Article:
Format

Send to

Choose Destination

See 1 citation found by title matching your search:

Biol Psychiatry. 2009 Feb 15;65(4):276-82. doi: 10.1016/j.biopsych.2008.09.021. Epub 2008 Nov 14.

A tractography analysis of two deep brain stimulation white matter targets for depression.

Author information

1
Department of Psychiatry and Behavioral Sciences, Emory University School of Medicine, Atlanta, Georgia 30322, USA. dgutman@emory.edu

Abstract

BACKGROUND:

Deep brain stimulation (DBS) of the subcallosal cingulate white matter (SCCwm) or anterior limb of the internal capsule (ALIC) may be effective in treating depression. Connectivity patterns of these regions may inform on mechanisms of action for DBS of these targets.

METHODS:

Diffusion tensor imaging (DTI) and probabilistic tractography were performed in 13 nondepressed subjects to determine connectivity patterns of SCCwm and ALIC. Tract maps were generated for each target in each subject, and tract voxels were coded as being unique to either target or shared. Group level tract maps were generated by including only those voxels common to at least 10 of 13 (>75%) subjects.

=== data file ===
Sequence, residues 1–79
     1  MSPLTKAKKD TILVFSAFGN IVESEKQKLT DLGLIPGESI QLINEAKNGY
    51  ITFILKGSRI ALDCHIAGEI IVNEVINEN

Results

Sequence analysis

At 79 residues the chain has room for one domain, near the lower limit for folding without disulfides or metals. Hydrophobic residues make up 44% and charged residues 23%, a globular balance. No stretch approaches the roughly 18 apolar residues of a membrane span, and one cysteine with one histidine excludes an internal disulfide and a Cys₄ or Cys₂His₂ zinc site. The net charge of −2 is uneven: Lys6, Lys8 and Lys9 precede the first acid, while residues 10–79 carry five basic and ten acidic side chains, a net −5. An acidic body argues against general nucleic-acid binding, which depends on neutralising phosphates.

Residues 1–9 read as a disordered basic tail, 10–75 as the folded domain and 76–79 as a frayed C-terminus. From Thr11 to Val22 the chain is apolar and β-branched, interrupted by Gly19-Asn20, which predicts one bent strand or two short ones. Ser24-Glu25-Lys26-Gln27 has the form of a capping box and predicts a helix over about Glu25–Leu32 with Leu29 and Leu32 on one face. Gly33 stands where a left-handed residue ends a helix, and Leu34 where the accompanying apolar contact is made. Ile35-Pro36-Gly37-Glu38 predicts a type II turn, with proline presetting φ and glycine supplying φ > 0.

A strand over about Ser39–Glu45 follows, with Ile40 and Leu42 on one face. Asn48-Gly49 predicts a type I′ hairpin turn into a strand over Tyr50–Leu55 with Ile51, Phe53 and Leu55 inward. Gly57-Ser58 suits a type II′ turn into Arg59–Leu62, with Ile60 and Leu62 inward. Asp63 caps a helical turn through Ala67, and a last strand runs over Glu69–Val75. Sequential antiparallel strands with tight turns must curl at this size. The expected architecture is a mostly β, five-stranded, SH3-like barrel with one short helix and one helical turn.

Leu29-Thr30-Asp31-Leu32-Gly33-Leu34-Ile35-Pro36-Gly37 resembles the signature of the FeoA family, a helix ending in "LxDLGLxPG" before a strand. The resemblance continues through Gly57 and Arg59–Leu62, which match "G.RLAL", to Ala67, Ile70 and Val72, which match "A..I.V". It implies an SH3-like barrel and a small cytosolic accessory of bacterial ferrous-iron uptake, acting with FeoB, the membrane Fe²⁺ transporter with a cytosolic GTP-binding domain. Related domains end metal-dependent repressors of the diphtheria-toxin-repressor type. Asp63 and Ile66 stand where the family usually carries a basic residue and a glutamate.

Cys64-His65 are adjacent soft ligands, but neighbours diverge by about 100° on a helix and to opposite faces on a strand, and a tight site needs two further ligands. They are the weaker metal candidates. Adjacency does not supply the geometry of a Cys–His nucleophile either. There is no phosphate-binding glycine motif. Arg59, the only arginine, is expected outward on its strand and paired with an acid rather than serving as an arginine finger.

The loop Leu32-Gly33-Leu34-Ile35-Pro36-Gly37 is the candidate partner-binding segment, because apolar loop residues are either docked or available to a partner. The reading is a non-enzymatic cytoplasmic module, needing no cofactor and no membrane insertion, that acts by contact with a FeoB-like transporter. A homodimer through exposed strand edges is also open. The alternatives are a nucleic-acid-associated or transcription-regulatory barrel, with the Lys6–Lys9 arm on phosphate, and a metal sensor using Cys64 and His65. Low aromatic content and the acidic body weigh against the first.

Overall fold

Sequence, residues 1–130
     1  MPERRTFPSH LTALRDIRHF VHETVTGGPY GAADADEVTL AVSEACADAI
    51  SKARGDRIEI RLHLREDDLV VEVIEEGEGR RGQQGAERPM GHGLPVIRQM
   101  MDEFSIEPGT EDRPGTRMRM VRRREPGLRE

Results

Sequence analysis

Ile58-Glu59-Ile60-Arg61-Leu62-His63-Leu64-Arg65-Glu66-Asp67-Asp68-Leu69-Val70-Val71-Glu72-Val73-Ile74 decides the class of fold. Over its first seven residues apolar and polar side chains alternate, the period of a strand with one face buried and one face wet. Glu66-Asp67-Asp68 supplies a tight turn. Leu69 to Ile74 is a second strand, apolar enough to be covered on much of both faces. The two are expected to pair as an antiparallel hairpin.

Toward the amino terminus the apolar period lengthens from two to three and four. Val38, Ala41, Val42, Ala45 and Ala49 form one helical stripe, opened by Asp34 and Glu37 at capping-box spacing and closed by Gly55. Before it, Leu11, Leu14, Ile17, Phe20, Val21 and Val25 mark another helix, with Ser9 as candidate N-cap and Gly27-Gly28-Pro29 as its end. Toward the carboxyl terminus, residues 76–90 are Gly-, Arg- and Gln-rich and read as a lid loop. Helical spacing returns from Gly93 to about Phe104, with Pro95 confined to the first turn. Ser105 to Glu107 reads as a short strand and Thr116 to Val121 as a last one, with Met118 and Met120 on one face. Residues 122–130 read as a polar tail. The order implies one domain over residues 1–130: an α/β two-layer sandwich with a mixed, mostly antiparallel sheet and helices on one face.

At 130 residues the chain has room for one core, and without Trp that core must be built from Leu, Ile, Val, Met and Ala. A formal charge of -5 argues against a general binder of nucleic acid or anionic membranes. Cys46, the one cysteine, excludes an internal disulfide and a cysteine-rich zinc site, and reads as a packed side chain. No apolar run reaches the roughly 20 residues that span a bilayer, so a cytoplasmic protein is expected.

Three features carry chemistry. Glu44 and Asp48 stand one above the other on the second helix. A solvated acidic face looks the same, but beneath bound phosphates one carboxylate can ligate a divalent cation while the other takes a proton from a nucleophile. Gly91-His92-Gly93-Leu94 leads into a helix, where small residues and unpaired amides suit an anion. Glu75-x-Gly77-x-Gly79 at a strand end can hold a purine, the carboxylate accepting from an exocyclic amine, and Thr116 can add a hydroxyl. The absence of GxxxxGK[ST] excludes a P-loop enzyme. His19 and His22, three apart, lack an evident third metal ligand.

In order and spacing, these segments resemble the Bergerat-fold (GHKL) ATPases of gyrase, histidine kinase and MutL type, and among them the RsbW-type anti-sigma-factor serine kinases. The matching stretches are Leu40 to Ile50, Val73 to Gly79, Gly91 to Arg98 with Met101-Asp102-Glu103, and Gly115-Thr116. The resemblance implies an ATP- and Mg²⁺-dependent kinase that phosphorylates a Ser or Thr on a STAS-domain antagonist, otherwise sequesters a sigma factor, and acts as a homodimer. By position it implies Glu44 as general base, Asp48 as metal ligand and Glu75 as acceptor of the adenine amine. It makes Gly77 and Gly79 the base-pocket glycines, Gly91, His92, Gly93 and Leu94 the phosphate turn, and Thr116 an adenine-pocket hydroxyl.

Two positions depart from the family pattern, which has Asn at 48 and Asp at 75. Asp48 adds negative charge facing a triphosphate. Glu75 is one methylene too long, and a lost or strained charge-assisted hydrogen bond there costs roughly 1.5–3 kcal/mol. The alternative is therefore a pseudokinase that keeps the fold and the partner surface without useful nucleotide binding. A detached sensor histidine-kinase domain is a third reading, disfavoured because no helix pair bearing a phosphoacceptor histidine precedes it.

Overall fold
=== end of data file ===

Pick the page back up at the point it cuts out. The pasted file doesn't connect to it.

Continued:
RESULTS:

The two targets have distinct patterns of connectivity with regions of overlap. The SCCwm showed consistent ipsilateral connections to the medial frontal cortex, the full extent of the anterior and posterior cingulate, medial temporal lobe, dorsal medial thalamus, hypothalamus, nucleus accumbens, and the dorsal brainstem. The ALIC seed, in contrast, demonstrated widespread projections to frontal pole, medial temporal lobe, cerebellum, nucleus accumbens, thalamus, hypothalamus, and brainstem. Common to both targets, albeit through distinct white matter bundles, were connections to frontal pole, medial temporal lobe, nucleus accumbens, dorsal thalamus, and hypothalamus.

CONCLUSIONS:

Connectivity patterns of these two DBS white matter targets suggest distinct neural networks with areas of overlap in regions implicated in depression and antidepressant response.

PMID:
19013554
PMCID:
PMC4423548
DOI:
10.1016/j.biopsych.2008.09.021
[Indexed for MEDLINE]
Free PMC Article

Supplemental Content

Full text links

Icon for Elsevier Science Icon for PubMed Central
Loading ...
Support Center